The Monaco Blue Initiative (MBI) is a unique platform that brings together major players in ocean conservation and governance in annual debates to explore solutions for the global challenges facing the ocean.
MBI is co-convened by the Prince Albert II of Monaco Foundation, a foundational partner in the establishment of Edinburgh Ocean Leaders (EOL). Since the creation of EOL in 2020, MBI organisers have drawn on the expertise of the ocean professionals in the EOL leadership programme as panellists for the event.
For the 14th MBI on the 20th March 2023, three Ocean Leaders were selected based on their knowledge and experience around the three themed sessions.
Session 1: Sustainable Fisheries: Reconciling Conservation and Exploitation in the Next Decade and Beyond
In this session, panelists focused on the reason behind overfishing and the impacts of bottom trawling.
Stephen Kankam, 2022 Ocean Leader and co-founder of Hen Mpoano (Our Coast) in Ghana, presented an example of how overfishing affects the food security of local communities. He emphasised that the absence of political determination, effective governance, and enforcement are all factors that lead to overfishing. Stephen urged for increased resources, capacity development, data gathering, and transparency to combat the problem.
Panelists discussed the harmful effects of bottom trawling, such as seabed damage and carbon emissions, as well as the influence of lobbies and corruption. The panelists identified non-compliance, lack of regulation, accountability, and transparency as challenges. They concluded that solutions to this complex issue are not simple.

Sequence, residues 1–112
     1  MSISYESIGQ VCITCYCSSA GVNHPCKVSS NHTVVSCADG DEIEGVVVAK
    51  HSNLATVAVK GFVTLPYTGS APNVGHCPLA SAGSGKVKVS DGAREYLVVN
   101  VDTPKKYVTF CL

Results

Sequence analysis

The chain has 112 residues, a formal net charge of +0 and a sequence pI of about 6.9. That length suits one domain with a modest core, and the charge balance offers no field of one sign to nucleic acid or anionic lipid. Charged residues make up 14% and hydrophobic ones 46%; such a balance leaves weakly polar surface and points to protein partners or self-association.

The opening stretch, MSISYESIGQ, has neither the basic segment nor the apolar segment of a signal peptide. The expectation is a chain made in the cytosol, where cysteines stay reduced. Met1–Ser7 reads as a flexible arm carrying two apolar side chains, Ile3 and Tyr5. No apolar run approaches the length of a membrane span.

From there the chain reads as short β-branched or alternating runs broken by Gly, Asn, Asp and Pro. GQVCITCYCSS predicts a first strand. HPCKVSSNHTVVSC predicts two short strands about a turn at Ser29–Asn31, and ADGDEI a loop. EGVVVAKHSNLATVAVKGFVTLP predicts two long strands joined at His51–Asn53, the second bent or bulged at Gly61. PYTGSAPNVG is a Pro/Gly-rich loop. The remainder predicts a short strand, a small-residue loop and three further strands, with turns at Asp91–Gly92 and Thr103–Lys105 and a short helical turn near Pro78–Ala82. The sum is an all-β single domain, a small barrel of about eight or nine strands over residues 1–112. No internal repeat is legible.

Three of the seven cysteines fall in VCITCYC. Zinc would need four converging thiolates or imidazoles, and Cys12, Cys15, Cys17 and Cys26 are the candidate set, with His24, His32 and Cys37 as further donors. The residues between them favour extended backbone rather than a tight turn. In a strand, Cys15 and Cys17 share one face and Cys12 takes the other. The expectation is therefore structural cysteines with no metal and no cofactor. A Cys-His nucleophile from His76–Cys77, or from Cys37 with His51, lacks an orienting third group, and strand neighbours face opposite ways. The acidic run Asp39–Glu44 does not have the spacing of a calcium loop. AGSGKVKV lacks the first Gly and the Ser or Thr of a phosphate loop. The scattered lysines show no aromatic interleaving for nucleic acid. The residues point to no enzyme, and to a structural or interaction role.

Session 2: Highly Protected Marine Protected Areas (MPAs): What is at Stake and the Vision for 2030
Discussion in this session was around financing, spill-over benefits of MPAs and involving local communities in MPA creation and implementation.
Shirley Binder, 2021 Ocean Leader and Senior Ministerial Advisor, Ministry of Environment, Panama emphasised the significance of financial resources for successful implementation of MPAs. On involving local communities, she said, “we need not necessarily convince them, but rather work with them,” and they will often even ask for MPAs to be expanded. Panelists proposed other ways to engage local communities, including establishing aquaculture businesses, managing invasive species, and handling waste. They highlighted the harmful effects of bottom trawling and emphasised the importance of moving towards a ban.
Session 3: The Role of Marine Ecosystem Restoration in Achieving the SDGs
This panel discussion focused on potential benefits, financing and success stories of restoring of marine ecosystems.
Peter Manyara, a 2022 Ocean Leader and Regional Program Manager at IUCN Eastern and Southern Africa Regional Office, highlighted the significance of mangrove ecosystems in southeastern Africa to local communities and their economies. Manyara brought attention to recent Cyclone Freddy, one of the most extended tropical cyclones on record, and the aftermath of its devastation to communities and the potential of mangroves to act as a barrier to future storms. He also mentioned key threats to mangroves, such as overexploitation for fuel and furniture. He highlighted the opportunity for large scale mangrove restoration in East Africa, but the need to jump from very small sized proofs of concept to the 40,000 hectare potential. He discussed the Great Blue Wall as an initiative to help with finance and political coordination.